I fully support the right of workers to form a Union for collective bargaining. I equally support the right for a company to attempt to hire non-union workers (scabs) as an alternative or to close their doors rather than unionize. I am not in favor of legal measures that require a company to unionize or prevent employees from collective bargaining. In my view, the governments only role in such disputes is to protect both sides from any violence the other might offer and enforce any contracts that are signed.

Huked on Fonics werked for me

Craig Westover has an interesting post about a school in Illinios that has achieved amazing results using Phonics and drill but is phasing out this approach in favor of a "whole language 'method.' Because 'reading is such a complex and multifaceted activity" First off, if it ain't broke, don't fix it. Secondly, I suspect that different kids do in fact need different teaching methods. That doesn't mean that you should try and teach every kid with every method, it means that you should try to teach each kid with the method that works best for them. Obviously, behemoth public education institutions are unsuited to such a plan. That is one reason I favor universal privitization of schools funded by a voucher system that lets parents choose the best school for their child.

Thursday, February 10, 2005

The next steps

Healing Iraq has some thoughts on the next steps Iraq needs to take:

There is already a consensus among the different political powers that drafting the permanent constitution should not be done solely by the elected National Assembly. This in order to safeguard the interests of the part of the population that did not participate in the elections and to reassure Iraqis that everyone has a say in their future. No longer will one group, no matter how large its support base, dominate over others. I truly hope that Iraqi politicians realise this and can work to achieve it, leaving aside their personal interests and differences for one moment, putting the prejudices of the past behind them, and listening to what Iraqis have to say. For it is Iraqis, and Iraqis alone, that are the key to solving this whole mess.
A very positive take. Here's hoping it succeeds.

Democrat Leadership Threatening 'Retribution' for Dems Who Cooperate


A questioner from the audience, stressing his own Democratic credentials, said he believed Ryan's plan should attract members of his own party and wondered whether the Wisconsin lawmaker had secured any Democratic sponsors. Ryan said he had been working with friends on the 'other side of the aisle' who were favorable toward his solution, but he faced an enormous problem: intense pressure on his colleagues from the minority leadership. 'We were in planning stages [with friendly Democrats],' said Ryan. But each essentially told him: 'I like what you're doing. I like this bill. I think it's the right way to go. But my party leadership will break my back. The retribution that they are promising us is as great as I have ever seen. We can't do it.'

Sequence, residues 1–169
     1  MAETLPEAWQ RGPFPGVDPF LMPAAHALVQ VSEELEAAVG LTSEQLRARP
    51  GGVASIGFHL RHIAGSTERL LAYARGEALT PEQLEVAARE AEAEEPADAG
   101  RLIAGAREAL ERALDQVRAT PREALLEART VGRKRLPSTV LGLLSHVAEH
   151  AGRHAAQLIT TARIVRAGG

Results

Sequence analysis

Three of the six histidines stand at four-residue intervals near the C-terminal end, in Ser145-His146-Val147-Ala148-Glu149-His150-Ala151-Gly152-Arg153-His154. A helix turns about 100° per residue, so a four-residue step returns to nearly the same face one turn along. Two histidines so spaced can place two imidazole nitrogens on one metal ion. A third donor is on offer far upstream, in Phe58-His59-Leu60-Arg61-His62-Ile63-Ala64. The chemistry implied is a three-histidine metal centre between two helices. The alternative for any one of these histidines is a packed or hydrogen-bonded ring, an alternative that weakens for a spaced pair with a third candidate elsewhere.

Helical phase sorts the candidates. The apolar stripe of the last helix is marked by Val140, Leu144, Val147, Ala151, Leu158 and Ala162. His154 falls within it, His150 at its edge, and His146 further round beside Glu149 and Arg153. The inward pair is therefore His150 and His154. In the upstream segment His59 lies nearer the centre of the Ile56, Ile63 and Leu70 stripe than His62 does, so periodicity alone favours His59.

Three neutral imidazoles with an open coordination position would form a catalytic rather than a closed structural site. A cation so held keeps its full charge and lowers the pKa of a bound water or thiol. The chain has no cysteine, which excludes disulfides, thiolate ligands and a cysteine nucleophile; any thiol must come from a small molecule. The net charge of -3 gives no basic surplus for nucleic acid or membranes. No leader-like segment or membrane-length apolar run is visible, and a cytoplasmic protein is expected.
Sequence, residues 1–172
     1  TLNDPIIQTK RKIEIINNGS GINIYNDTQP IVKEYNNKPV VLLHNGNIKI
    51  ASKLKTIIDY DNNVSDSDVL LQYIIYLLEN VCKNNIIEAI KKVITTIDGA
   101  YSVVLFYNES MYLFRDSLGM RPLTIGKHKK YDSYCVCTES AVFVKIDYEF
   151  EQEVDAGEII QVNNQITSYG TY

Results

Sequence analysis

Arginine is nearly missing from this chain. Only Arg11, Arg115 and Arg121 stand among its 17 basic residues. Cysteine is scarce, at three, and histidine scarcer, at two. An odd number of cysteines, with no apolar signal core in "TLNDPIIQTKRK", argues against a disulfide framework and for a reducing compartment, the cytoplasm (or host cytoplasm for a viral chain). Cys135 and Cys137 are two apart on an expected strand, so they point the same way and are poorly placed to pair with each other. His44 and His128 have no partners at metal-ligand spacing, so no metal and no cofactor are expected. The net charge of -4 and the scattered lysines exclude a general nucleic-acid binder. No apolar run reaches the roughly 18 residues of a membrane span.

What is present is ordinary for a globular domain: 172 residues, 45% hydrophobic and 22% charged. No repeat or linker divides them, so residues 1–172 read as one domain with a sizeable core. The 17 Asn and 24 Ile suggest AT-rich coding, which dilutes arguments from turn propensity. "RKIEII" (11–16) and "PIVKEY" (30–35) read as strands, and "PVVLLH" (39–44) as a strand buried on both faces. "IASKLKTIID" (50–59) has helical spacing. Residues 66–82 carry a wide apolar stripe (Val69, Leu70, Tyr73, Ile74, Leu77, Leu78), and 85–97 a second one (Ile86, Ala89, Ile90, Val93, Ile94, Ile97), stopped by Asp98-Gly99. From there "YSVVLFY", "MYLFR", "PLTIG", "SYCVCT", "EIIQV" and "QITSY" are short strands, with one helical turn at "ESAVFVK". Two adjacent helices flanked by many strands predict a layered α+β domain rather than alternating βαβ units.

In my opinion, this sort of thing is a serious problem, and certainly not just a 'Democratic' or a 'Republican' problem. Yes, I can see certain steps being taken to keep representatives in line with a party platform but that has gotten out of hand. I suspect that a good portion of this problem can be tied back to Gerrymandering and the 'safe' seats that it creates leaving politicians very accountable to their parties but not very accountable to the voters.

What else is there to say?

Widow denies role in lethal sherry enema:

I'm not ashamed of my husband because I loved him, and I supported him 1,000 percent, whatever he wanted to do. That's the way he went out, and I'm sure that's the way he wanted to go out because he loved his enemas.'
Read the whole thing for even more bizarre details. (via Dead Parrot Society)

Higher Education Costs and the Government

Jeff Jacoby writes about Government programs and the rising cost of College Education in Boston.com:

And the result of this energetic government campaign to hold down the cost of a college education? The cost of a college education is skyrocketing -- and has been for years. Tuition and fees were up 10.5 percent at state colleges and universities last year. The year before that, they were up 14 percent. Every year for nearly a quarter-century -- since before most of today's college students were born -- higher education costs have raced ahead of inflation. And far from slowing this runaway train, government aid serves only to stoke the engine. How could it do otherwise? Every dollar that Washington generates in student aid is another dollar that colleges and universities have an incentive to harvest, either by raising their sticker price or reducing the financial aid they offer from their own funds. Higher Education Act funds 'are seen by colleges and universities as money that is there for the taking,' observes Peter Wood, a professor at Boston University. 'Tuition is set high enough to capture those funds and whatever else we think can be extracted from parents. Perhaps there are college administrators who don't see federal student aid in quite this way, but I haven't met them.' In 10 years of attending committee meetings on the university's annual tuition adjustment, says Wood, 'the only real question was, 'How much can we get away with?' '
I want to ensure that every kid who wants to can go to college. I also want to ensure that colleges are adaptive to the needs of their students and provide a great education. Governement programs may aid the former (although since they raise their costs at least as fast as the Government gives new funds that is unproven) but I think that it greatly hurts the latter. The simple fact is that students will be a lot more critical of a college education that they pay for than one that is 'given' to them. I expect that their is not an easy solution to this problem, but I am pretty sure that simply spending more money won't solve it.